The Grand Illusion (1977)


1.The Grand Illusion 2.Fooling Yourself 3.Superstars 4.Come Sail Away 5.Miss America 6.Man in the Wilderness 7.Castlewalls 8.The Grand Finale

 

The seventh studio album for Styx has now been revealed as the album that would make or break them. Dennis DeYoung later admitted that he stated to himself during the recording: "If this doesn't work, I'm going back to being a school teacher". He would soon find out that he could stay away from the schoolyard permanently. Ironically, the concept here (and the band didn't disguise it in any way) was how success and stardom is misconceived as a synonym for happiness. Ironic because the band hadn't quite made it yet, although they were winning new fans every day as they toured persistently. The album is filled with "grand illusions" and serves as one of the darkest (although strongest) pieces in their catalog.

Consider the strongest piece on the release (perhaps the strongest ever?), Come Sail Away. What seems as a pleasurable journey into the fantasies of childhood youth, it's actually a desperate plea for acceptance in the world the band had been immersed in, wishing that "a gathering of angels" would take them to a better place. Tommy Shaw has anything but a sophomore slump, yet as beautiful as Man in the Wilderness is, we still hear cries of pathos from the troubled minstrel: "Sometimes it makes no sense it all", he tells us over and over again.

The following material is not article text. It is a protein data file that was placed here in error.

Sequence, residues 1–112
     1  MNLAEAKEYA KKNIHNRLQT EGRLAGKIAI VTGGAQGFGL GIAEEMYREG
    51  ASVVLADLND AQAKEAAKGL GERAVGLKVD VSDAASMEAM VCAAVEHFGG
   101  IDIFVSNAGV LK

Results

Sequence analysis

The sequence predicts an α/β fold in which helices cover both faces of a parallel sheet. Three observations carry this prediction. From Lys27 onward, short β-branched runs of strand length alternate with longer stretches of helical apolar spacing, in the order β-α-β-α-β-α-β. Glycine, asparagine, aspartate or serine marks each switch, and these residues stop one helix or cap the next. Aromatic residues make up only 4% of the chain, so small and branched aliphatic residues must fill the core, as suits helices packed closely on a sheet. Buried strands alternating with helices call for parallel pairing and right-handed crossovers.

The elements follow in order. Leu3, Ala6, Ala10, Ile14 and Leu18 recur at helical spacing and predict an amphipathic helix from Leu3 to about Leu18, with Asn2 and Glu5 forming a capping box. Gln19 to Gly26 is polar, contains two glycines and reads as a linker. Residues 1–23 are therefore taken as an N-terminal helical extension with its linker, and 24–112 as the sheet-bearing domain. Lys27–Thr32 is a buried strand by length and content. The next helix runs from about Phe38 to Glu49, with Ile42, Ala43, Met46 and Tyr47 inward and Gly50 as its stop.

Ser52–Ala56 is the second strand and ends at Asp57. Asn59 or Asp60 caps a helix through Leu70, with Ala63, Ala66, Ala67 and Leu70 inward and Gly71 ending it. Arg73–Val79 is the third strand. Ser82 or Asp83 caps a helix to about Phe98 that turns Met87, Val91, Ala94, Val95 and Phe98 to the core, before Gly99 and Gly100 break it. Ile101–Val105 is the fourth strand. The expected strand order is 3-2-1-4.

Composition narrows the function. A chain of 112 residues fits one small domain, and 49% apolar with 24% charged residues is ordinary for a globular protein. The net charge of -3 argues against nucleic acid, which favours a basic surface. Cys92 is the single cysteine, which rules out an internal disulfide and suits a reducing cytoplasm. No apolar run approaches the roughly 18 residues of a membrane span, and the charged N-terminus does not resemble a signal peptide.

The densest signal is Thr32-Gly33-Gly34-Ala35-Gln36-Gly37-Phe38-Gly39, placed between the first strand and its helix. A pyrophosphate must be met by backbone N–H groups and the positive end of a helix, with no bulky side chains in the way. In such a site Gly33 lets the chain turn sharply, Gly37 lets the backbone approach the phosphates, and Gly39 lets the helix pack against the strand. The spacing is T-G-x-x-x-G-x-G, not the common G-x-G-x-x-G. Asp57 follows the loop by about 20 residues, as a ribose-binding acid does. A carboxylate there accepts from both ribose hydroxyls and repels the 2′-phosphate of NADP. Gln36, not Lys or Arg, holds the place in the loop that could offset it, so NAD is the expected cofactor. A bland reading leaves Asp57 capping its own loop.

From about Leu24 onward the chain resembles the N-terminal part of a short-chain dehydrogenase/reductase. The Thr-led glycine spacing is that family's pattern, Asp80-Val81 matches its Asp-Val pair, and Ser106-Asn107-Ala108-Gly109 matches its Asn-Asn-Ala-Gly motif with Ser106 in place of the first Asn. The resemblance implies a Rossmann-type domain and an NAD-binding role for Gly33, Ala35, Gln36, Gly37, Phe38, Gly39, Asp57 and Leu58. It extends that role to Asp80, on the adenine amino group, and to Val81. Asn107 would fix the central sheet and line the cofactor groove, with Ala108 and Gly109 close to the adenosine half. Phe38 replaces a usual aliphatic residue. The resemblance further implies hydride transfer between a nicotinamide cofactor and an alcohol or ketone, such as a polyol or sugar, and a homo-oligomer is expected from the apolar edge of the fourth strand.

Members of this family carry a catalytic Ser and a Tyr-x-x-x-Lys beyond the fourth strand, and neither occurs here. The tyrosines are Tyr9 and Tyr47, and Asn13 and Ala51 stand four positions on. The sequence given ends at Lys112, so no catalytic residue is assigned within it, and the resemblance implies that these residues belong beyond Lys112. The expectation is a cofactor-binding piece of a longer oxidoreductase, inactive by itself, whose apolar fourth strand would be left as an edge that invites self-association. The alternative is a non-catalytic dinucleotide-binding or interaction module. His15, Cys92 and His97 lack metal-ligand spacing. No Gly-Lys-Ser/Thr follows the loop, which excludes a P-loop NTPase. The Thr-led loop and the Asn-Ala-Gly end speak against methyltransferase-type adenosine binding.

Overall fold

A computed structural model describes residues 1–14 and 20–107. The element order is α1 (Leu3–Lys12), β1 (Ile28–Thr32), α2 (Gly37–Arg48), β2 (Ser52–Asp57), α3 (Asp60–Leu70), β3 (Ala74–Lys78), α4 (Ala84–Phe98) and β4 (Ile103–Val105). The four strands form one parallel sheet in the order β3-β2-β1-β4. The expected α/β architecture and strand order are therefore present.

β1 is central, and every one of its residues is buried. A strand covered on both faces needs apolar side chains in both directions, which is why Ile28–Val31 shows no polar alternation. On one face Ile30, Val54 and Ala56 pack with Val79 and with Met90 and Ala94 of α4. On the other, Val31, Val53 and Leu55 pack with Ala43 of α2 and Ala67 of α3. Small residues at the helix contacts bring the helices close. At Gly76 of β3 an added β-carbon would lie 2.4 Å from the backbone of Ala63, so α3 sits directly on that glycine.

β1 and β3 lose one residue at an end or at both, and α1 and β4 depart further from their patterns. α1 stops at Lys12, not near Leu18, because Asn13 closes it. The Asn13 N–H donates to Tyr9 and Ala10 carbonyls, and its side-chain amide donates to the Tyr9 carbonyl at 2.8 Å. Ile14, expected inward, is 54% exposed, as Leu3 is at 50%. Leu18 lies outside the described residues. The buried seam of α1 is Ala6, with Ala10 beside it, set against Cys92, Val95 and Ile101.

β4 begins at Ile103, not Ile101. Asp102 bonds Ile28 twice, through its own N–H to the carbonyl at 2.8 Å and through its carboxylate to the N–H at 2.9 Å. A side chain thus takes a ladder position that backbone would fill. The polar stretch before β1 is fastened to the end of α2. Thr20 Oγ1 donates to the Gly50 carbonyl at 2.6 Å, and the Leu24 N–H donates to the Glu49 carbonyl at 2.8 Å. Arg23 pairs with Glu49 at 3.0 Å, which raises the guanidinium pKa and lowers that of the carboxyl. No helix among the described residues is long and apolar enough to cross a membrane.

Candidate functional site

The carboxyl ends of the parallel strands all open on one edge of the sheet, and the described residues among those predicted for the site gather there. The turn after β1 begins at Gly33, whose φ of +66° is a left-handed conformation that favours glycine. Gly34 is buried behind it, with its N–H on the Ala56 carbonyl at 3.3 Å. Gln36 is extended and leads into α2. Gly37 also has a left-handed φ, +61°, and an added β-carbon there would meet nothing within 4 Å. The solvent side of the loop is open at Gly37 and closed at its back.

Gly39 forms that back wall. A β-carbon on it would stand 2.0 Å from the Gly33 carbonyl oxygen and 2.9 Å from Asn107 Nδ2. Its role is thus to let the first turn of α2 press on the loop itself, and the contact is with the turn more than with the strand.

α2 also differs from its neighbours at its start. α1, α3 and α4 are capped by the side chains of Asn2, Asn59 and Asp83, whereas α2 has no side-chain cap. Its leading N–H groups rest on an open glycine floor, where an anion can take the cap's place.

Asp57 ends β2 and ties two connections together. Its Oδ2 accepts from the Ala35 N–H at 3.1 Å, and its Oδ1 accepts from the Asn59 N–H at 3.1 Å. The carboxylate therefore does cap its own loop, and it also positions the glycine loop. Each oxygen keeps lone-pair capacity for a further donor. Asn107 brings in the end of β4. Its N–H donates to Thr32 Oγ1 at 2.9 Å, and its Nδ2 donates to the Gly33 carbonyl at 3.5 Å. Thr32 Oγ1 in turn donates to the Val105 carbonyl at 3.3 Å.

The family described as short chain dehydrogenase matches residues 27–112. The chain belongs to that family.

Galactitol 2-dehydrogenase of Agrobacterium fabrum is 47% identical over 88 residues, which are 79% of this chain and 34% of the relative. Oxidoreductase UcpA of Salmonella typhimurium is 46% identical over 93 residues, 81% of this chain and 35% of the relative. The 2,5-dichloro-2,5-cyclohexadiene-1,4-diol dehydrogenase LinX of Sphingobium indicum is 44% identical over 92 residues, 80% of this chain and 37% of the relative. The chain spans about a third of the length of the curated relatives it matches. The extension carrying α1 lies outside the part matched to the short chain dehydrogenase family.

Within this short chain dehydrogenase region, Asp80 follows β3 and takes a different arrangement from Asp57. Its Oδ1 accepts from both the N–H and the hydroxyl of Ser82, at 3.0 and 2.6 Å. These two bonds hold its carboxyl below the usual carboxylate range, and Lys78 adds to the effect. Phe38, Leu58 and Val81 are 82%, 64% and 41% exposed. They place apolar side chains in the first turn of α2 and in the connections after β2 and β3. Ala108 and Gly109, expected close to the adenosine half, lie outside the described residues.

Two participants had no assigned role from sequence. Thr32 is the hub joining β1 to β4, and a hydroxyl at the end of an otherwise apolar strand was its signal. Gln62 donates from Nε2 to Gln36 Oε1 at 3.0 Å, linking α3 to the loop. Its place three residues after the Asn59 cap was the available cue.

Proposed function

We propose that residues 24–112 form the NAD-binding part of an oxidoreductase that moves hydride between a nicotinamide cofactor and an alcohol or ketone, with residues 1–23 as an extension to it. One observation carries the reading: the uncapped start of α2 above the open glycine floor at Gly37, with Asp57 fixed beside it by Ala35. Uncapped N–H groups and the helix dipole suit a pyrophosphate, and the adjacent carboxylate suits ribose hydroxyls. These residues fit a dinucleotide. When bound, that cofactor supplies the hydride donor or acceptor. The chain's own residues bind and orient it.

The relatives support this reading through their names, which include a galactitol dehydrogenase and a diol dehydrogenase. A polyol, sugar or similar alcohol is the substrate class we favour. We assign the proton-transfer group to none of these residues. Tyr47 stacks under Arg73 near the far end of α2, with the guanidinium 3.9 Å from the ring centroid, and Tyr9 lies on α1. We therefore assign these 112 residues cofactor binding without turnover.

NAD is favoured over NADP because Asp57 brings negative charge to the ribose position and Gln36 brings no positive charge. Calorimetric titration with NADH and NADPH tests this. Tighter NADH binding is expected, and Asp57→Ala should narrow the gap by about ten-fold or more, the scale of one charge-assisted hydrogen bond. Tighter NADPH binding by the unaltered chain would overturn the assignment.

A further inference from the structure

Musically, most would agree, the band was at its peak. The creative diversions that would haunt the band were still a few albums away and the band solidified their style of mainstream rock diversity with three part harmonies that made them one of the forerunners of arena rock. Nowhere is this more apparent than on Fooling Yourself complete with repetitive interplay between Shaw's thunderous acoustic guitar and DeYoung's speeded synthesizer play only to be topped when the band chimes in with their distinctive style of vocals to accompany the song. James Young fits in nicely with his most known Styx song Miss America that, again, attacks more "grand illusions" of human shallowness. The only throwback to the old mythological days is DeYoung's Castlewalls. At over six minutes in length, he proves to us just how good this band could have been in the early days if more care had gone into the work.

The three writers of the band: DeYoung, Shaw, and Young gelled perfectly this time around. Although they had different styles of writing even back then, at least on this release they seemed to all be pulling in the same direction. At this point, although everyone had their favorites, you couldn't see one dominate personality in the writing credits or in the singing. This was a true group effort.



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